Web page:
Recent measurement of the distance to the star cluster Pleiades, put an end to panic that erupted in astronomical scientific community in spring 1997. Then was questioned the effectiveness of modern methods of determining the distance to the stars, and, accordingly, the integrity and scientific value of giant astronomical databases have been accumulated by mankind.
As explained by Valery Makarov from California Polytechnic Institute, all measurements of distances to distant cosmic objects are produced by calculations using the distances to the nearest to us of star clusters, one of which is the Pleiades.
It goes the same distance to the Pleiades is determined by a rather complicated method by which compares the brightness, mass, and the emission spectra of the stars in the Pleiades, a star similar to them, the distance to which is determined by a simple and precise geometric calculations. According to these calculations, the distance to the Pleiades was estimated at 425 light-years, with an error of 12 light years. However, in 1997, with astronomical satellite Hipparcos, a European Space Agency, received data showing that the distance to the Pleiades is estimated at 385 light years. The satellite measured the distance to the stars using the parallax effect: it measures the change in the angle of sight to the star, while on either side of the Sun. Accuracy of the observations was 1 millionth of a second of arc.
If the resulting estimate of the distance was correct, this would result in the need for careful translation distances to nearly all currently known stars and star clusters. Fortunately, recently released the results of investigation is conducted Syaopey Panem and two of his colleagues from California's Jet Propulsion Laboratory, showed that the fears are unfounded. Scientists have developed another technique for measuring the distances to stars. For nearly ten years, they followed the double star cluster of the Pleiades, using two telescopes connected interferometers, studying the changes in their brightness when moving in an orbit around a common center of mass. These observations allowed us to estimate the mass of the stars, which when substituted into the special equation has given the distance to the stars is about 440 light-years.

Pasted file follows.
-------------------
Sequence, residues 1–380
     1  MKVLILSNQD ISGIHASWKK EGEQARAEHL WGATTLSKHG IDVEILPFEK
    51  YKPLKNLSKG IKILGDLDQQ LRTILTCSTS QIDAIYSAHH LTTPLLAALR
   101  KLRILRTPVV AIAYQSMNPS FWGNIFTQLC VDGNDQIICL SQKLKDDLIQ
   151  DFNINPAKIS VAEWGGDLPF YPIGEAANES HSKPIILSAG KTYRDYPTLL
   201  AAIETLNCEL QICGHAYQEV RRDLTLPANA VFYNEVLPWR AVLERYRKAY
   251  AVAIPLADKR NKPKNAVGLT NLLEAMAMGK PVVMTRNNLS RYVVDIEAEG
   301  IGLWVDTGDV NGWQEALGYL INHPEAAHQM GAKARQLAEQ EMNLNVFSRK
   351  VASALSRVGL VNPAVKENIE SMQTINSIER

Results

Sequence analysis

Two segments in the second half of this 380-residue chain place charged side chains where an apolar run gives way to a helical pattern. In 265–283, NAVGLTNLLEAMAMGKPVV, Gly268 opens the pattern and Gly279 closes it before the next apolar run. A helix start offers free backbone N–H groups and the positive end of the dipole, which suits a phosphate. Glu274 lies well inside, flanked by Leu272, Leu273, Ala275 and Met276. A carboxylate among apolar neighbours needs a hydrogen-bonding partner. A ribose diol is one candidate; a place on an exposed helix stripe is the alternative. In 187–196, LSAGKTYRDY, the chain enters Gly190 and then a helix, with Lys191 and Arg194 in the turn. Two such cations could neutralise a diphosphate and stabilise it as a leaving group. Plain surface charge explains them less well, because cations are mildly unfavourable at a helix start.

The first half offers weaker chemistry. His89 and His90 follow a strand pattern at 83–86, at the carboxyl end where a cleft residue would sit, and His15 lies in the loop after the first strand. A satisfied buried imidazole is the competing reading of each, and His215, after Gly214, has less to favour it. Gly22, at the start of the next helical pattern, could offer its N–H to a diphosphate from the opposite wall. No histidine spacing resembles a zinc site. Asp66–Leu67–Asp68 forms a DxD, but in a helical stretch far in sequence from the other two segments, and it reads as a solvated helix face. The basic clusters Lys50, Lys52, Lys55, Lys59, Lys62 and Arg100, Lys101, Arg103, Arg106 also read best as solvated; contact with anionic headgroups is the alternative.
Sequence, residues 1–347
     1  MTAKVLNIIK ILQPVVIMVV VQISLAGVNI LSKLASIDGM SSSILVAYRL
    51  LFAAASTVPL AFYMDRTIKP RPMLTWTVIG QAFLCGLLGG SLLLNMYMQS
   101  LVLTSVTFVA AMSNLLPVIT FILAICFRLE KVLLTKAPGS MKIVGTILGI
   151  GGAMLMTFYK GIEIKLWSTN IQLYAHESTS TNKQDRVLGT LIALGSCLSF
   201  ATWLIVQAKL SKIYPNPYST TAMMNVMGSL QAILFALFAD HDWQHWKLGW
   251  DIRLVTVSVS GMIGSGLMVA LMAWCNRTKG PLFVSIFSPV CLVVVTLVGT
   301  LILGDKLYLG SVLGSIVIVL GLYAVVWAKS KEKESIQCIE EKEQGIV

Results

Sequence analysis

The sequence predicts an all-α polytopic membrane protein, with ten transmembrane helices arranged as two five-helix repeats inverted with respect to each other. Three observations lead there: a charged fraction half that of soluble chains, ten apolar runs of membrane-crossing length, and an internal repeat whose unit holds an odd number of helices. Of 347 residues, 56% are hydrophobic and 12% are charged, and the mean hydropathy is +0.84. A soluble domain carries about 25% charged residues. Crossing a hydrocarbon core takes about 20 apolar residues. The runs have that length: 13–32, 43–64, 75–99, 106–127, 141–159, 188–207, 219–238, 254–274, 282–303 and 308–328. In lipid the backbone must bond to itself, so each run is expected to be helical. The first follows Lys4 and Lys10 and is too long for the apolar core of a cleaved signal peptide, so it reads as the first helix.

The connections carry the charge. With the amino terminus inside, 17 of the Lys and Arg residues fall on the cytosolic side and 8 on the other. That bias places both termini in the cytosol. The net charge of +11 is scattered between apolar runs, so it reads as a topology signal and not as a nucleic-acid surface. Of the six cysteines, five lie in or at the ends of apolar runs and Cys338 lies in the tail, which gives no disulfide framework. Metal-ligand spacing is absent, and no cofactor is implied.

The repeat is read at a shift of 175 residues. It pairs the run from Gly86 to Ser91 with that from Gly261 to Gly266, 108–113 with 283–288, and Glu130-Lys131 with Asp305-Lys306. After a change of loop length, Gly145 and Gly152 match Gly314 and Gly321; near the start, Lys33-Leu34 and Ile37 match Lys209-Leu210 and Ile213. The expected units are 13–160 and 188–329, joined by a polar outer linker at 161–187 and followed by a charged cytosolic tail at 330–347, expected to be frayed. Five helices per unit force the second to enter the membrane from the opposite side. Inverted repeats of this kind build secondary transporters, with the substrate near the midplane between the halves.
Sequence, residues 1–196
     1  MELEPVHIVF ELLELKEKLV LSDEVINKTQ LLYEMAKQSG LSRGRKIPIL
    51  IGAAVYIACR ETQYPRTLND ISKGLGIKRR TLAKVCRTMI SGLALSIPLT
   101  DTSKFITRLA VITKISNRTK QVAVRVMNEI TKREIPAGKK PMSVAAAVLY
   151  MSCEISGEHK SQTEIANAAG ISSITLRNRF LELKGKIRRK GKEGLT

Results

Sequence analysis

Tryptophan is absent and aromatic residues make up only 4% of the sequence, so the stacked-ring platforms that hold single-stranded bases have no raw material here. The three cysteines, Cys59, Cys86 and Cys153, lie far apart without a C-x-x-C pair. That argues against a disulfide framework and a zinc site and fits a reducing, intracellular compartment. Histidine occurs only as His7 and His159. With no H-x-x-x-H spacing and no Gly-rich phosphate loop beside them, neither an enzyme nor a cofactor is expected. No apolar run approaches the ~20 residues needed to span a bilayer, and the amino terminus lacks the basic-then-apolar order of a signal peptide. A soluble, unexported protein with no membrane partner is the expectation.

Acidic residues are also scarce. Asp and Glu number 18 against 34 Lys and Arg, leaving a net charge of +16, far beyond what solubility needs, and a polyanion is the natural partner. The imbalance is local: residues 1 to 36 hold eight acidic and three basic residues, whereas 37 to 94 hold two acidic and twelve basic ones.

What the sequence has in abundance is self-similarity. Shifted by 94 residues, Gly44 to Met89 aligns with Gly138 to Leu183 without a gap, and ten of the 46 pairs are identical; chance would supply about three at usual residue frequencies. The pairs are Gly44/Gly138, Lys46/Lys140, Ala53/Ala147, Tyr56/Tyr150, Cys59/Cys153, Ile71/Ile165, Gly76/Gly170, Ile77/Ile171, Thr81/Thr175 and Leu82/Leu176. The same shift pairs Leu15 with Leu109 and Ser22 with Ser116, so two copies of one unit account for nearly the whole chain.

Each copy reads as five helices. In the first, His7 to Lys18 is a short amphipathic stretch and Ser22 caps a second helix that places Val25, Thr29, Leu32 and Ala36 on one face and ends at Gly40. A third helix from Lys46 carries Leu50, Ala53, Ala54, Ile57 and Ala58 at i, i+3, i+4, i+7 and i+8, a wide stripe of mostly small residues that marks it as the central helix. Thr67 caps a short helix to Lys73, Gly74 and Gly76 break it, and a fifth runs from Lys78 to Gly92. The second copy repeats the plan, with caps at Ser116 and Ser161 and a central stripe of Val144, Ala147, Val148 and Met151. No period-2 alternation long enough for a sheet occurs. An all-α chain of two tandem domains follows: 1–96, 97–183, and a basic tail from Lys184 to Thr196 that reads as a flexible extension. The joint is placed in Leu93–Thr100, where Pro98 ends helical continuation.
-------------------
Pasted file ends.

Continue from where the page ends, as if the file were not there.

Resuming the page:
Thus, the rumors that the previously applied methods were inadequate, are greatly exaggerated. As for the data Hipparcos, on this account, there are several hypotheses. According to one of them, the equipment installed on the satellite measurements give a clear bias, although it is possible the bug is in the software, interpretive readings satellite.
Battery News, 02.02.2004 9:15